Adam Kendon

Semiotic diversity is intrinsic to utterance production: implications for concepts of ‘language’
Visiting Scholar, Institute for Research in Cognitive Science,
University of Pennsylvania

In this talk I offer examples to illustrate some of the different ways in which visible bodily actions of the face, the head or the hands may co-ordinate with the production of spoken expressions with consequences for the semantic interpretation of the utterance being produced. In the light of these examples I suggest, following in the wake of Dwight Bolinger’s paper on ‘Yep’ and ‘Nope’ from 1946, that the boundary between what is ‘language’ and what is not is at least partly a matter of methodological convenience. A comparative semiotic approach is recommended in which utterances are viewed as orchestrations of diverse semiotic systems. In this way we may be able to leave behind the sometimes emotionally freighted discussions about whether something is to be considered ‘linguistic’ or not.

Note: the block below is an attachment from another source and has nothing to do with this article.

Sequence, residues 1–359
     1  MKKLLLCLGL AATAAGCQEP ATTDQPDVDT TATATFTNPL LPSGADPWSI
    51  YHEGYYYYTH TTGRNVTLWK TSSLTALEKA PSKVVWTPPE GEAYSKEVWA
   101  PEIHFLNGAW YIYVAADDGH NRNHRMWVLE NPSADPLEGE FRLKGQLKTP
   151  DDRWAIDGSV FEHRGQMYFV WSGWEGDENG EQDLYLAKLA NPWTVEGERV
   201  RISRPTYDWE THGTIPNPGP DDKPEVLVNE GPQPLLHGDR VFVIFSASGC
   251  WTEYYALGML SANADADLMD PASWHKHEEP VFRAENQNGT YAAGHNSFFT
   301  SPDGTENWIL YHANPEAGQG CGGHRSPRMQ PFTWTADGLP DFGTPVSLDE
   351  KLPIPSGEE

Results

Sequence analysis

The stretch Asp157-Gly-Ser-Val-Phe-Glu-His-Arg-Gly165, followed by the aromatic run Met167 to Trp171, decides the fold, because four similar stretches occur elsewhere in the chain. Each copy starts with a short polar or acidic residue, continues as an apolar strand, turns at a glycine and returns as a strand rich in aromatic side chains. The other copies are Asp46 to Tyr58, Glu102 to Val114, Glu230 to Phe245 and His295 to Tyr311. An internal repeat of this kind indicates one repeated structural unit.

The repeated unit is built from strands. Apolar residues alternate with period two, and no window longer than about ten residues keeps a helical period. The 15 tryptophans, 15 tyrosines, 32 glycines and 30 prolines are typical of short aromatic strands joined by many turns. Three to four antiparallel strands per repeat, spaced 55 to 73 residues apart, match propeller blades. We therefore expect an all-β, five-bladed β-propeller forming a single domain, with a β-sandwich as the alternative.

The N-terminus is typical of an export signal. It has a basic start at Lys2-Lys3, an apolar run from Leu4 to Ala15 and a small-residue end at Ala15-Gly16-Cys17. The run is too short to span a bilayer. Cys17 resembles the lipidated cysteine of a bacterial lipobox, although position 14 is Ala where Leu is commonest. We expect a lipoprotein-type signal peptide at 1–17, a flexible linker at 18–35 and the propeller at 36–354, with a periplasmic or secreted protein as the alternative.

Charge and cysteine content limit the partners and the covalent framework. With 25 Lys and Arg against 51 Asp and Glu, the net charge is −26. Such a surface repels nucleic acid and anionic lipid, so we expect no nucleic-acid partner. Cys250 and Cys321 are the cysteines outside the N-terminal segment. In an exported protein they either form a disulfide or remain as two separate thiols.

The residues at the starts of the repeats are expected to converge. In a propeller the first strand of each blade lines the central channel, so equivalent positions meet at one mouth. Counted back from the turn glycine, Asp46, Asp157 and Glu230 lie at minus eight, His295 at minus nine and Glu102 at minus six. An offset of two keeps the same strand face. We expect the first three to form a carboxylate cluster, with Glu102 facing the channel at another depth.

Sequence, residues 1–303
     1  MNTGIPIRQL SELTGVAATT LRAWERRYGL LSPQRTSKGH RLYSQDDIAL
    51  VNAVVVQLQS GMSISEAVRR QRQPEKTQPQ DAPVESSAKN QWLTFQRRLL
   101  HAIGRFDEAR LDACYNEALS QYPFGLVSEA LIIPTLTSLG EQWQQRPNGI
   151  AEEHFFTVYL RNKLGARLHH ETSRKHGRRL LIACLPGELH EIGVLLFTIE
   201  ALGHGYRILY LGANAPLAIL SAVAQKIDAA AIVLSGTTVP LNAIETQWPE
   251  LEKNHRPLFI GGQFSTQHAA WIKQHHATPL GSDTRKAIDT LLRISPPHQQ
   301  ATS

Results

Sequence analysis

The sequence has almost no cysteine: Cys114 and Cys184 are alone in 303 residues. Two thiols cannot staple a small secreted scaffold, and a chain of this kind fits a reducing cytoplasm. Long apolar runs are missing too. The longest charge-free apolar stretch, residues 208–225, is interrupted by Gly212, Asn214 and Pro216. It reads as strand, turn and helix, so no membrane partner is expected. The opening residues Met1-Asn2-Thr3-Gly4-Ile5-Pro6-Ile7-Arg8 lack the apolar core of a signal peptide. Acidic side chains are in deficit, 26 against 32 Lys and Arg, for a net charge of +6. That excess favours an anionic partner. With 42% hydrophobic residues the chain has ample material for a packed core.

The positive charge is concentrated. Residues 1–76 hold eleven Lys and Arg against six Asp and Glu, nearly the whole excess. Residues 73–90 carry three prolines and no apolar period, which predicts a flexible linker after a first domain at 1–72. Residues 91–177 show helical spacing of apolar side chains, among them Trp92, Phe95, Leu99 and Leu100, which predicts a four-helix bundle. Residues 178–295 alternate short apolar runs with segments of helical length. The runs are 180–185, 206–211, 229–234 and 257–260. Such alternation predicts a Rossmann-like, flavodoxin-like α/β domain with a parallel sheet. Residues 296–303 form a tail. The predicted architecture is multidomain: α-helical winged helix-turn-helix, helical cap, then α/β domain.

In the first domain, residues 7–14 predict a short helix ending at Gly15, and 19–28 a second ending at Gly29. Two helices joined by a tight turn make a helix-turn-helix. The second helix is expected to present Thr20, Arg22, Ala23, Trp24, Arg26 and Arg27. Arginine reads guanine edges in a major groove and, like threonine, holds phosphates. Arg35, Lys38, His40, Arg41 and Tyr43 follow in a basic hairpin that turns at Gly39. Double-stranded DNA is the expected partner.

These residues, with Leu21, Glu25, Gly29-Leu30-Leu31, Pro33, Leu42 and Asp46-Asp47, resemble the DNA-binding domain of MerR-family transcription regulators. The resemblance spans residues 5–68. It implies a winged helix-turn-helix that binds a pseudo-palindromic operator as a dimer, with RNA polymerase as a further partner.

Bolinger, Dwight (1946). Some thoughts on 'yep' and 'nope'. American Speech, 21, 90-95.

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